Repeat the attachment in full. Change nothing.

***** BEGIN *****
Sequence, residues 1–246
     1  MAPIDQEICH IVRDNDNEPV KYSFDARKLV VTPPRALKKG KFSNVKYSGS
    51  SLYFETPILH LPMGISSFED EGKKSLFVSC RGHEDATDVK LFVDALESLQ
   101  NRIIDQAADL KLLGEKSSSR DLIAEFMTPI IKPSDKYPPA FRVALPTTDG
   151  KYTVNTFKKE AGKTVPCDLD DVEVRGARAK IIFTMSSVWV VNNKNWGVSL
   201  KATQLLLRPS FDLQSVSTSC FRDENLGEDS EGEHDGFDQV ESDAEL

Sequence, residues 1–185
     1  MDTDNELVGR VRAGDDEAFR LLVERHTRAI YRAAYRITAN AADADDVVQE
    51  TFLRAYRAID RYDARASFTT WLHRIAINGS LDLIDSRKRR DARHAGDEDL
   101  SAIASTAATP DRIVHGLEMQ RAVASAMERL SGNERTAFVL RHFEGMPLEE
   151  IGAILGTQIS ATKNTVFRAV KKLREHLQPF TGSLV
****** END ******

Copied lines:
Sequence, residues 1–246
     1  MAPIDQEICH IVRDNDNEPV KYSFDARKLV VTPPRALKKG KFSNVKYSGS
    51  SLYFETPILH LPMGISSFED EGKKSLFVSC RGHEDATDVK LFVDALESLQ
   101  NRIIDQAADL KLLGEKSSSR DLIAEFMTPI IKPSDKYPPA FRVALPTTDG
   151  KYTVNTFKKE AGKTVPCDLD DVEVRGARAK IIFTMSSVWV VNNKNWGVSL
   201  KATQLLLRPS FDLQSVSTSC FRDENLGEDS EGEHDGFDQV ESDAEL

Sequence, residues 1–185
     1  MDTDNELVGR VRAGDDEAFR LLVERHTRAI YRAAYRITAN AADADDVVQE
    51  TFLRAYRAID RYDARASFTT WLHRIAINGS LDLIDSRKRR DARHAGDEDL
   101  SAIASTAATP DRIVHGLEMQ RAVASAMERL SGNERTAFVL RHFEGMPLEE
   151  IGAILGTQIS ATKNTVFRAV KKLREHLQPF TGSLV